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Nagehan Vatansever

Cyber threat is a relatively new concept in international relations discipline. With the developments in technology, risks in cyberspace are increasing. Not only states or major companies use internet and smart technologies, but also it is a part of daily life now. Because of the increasing usage of smart phones, smart houses or e-state technologies, most of the people use it in their daily life. Although that makes our lives easier and faster, it also causes new and major problems. It increases vulnerability and new kinds of crimes are emerging. This is the new threat of era.

Cyber systems and cyber-crimes do not have a long history but it have damaged a number of people until now. There are several serious examples about how cyber-crimes affect people’s life.

Cyber-crimes were mostly about some hacker activities that did not affect states at the beginning. However, recent developments made cyber-attacks a part of international relations. There are a number of types of cyber-attacks and if those attacks have a political purpose and aim a state or states, these attacks are called as “cyber-terrorism”.

“Cyber”, “Cyber space”, “Cyber-crime” and “Cyber-terrorism”

The word “cyber” is originated from “cybernetics” which means “Any kind of control or communication by any machine or any living form”[1] according to Mehmet Yayla(2013).According to Cambridge’s definition cyber means “using or relating to computers and internet.”[2]

“Cyber space” means the space where cyber networks exist and where is the movement area of cyber actions happen. According to United Nations terminology, cyber space is “A world-wide virtual space, different from real space, with many sub-communities unevenly distributed using a technical environment – first of all the Internet – in which citizens and organizations utilize information and communication technologyfor their social andcommercial interactions.” [3]It should be emphasized that cyber space has no limits or boundaries.

“Cyber-crime” refers to any crime those are committed by using internet and cyber networks. David Weissbrodt(2013) defines cyber-crime as “any crime which is enabled by, or that targets computers.”[4]RohasNagpal(2002) defines it “unlawful act wherein the computer is either a tool or a target or both”[5] in the simplest term.

“Cyber terrorism” refers to any cyber activities that aim to states or international actors and have a political purpose. The difference between other terror activities and cyber terror is, cyber terrorists have remote access to physically damage or to produce an effect. [6]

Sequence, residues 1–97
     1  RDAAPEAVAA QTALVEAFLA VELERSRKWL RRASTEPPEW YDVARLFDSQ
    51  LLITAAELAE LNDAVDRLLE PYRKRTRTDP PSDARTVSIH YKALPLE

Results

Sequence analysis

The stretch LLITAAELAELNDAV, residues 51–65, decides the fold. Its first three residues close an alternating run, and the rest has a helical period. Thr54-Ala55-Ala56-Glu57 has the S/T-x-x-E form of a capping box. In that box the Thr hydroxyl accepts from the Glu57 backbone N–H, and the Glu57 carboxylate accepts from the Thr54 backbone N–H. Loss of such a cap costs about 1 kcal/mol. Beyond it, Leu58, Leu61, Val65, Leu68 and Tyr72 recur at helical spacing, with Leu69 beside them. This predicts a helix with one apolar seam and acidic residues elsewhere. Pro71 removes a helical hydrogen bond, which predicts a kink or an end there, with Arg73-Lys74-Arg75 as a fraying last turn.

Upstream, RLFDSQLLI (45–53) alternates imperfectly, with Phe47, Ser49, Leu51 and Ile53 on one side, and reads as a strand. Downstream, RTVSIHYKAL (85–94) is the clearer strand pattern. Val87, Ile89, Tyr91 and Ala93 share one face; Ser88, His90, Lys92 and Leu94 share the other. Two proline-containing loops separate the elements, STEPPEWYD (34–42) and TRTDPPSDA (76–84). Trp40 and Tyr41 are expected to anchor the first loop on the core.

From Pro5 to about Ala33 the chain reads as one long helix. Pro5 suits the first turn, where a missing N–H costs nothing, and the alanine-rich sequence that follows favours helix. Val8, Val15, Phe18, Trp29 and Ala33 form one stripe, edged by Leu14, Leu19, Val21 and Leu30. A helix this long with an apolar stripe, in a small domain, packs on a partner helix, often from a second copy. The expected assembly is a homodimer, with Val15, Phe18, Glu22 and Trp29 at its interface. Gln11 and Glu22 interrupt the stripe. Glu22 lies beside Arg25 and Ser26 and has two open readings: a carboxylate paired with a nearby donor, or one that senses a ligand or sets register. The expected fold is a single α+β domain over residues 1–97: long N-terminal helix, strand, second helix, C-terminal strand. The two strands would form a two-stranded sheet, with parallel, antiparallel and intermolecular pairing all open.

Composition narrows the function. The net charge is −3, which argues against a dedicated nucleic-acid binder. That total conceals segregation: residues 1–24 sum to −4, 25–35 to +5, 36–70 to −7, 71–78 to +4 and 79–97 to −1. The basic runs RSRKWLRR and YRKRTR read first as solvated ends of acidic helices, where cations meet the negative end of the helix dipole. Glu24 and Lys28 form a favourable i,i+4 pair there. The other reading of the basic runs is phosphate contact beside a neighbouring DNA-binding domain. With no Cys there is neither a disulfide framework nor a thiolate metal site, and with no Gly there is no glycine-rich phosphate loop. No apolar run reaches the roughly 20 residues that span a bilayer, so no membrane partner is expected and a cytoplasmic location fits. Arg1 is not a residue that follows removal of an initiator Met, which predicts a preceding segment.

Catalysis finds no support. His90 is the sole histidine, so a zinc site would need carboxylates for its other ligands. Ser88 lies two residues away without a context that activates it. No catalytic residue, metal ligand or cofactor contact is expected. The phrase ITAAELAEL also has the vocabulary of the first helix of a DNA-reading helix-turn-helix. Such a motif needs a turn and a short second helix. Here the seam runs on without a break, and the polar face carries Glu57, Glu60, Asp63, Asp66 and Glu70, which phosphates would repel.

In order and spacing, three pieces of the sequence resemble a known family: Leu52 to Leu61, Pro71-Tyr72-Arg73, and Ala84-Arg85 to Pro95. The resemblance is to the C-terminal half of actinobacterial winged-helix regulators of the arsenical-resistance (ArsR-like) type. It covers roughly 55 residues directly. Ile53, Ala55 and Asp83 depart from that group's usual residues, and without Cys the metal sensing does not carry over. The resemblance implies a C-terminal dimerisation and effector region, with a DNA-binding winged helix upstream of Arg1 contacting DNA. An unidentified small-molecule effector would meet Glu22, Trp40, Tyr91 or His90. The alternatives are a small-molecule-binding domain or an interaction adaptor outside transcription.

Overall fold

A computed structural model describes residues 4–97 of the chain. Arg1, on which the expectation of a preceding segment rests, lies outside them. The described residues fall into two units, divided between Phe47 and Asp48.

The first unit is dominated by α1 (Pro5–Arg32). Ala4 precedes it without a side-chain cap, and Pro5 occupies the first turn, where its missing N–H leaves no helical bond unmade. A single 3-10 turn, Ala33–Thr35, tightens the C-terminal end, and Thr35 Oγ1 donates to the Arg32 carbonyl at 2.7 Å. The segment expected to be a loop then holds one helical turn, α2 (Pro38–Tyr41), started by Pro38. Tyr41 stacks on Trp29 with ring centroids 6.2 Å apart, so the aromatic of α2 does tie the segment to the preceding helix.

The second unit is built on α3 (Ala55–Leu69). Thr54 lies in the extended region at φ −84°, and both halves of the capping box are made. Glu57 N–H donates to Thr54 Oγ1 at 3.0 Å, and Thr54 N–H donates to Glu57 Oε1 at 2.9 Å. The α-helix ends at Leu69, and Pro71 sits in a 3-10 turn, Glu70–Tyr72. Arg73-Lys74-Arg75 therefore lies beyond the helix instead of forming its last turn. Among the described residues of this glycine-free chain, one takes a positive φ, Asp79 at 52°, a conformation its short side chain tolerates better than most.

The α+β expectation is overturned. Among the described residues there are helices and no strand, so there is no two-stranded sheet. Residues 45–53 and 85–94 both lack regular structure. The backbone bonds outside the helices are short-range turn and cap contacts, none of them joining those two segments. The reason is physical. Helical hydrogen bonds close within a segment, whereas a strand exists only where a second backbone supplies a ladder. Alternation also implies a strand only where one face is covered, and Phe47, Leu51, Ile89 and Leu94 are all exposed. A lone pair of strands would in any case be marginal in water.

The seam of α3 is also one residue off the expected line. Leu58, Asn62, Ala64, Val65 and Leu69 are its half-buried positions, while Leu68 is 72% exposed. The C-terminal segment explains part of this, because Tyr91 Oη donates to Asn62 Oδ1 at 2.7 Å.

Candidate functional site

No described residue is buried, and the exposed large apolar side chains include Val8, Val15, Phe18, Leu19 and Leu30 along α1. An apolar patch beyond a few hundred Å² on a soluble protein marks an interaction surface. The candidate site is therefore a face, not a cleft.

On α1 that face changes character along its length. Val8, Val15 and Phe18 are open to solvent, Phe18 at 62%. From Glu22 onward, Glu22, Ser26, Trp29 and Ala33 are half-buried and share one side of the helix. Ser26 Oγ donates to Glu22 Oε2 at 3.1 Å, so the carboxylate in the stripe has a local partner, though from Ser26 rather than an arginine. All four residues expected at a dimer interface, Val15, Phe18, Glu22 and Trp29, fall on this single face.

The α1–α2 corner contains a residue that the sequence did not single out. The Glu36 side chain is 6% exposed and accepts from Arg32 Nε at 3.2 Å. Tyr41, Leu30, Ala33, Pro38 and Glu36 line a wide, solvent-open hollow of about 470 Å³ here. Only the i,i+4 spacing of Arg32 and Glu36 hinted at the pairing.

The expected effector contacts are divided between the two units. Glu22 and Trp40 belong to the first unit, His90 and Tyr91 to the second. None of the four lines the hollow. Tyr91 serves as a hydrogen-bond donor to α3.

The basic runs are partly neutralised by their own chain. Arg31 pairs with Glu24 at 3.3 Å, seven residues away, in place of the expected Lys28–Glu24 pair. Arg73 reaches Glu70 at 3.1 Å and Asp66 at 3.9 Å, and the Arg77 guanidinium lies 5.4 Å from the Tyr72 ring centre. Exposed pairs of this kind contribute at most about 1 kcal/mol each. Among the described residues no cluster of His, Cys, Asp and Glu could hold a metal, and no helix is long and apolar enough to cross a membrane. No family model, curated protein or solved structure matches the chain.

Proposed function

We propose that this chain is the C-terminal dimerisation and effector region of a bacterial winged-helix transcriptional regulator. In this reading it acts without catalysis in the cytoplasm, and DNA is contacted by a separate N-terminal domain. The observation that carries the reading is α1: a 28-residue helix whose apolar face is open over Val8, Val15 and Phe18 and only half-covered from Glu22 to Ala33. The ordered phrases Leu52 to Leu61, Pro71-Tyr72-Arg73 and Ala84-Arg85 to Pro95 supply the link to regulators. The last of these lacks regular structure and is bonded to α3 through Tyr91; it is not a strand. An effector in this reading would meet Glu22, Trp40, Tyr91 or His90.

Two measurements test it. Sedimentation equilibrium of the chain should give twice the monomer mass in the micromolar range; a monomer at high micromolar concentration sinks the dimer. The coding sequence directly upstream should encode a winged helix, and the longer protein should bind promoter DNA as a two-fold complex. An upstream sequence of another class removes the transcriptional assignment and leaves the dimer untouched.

An Overview to Cyber Attacks

Cyber-attacks may affect people in different ways. According to Havelsan’s report, there are 8 different sphere of influence of cyber terrorism. Those are attacks that targeting real estate properties, aviation, retail sector, construction sector, shipping sector, power and energy infrastructures, health services and telecommunication systems.

Most devastating attacks are those which are targeting critical infrastructure of a state. Critical infrastructure is defined by the US Department of Homeland Security as “physical and cyber systems and assets that are so vital to the United States that their incapacity or destruction would have a debilitating impact on our physical or economic security or public health or safety.”[7] If critical infrastructure is aimed by attacker and critical infrastructure systems lose their functions that would affect society and order for a long time. According to Havelsan’s report, transportation systems, power and energy systems, healthcare services, and telecommunication systems are critical infrastructure systems. In report it is also emphasized that most of the recent cyber-attacks were aiming critical infrastructure. [8]

James A. Lewis(2002) argues that aiming critical infrastructure is not a new tactic in international relations. States used this during World Wars. He emphasizes the fact that states used strategic bombing in order to damage their enemies’ critical infrastructure. Now, aiming critical infrastructure changed and now it is “cyber”. [9]

Cyber-attacks are defined as “cyber terrorism” as long as they have a political aim. These terror activities may be from any independent groups or they might be state sponsored. States and terrorist groups choose cyber-attacks instead of classical terrorism methods because states are vulnerable in cyberspace. Technology is developing from day to day and it is hard to keep up with state-of-the-art.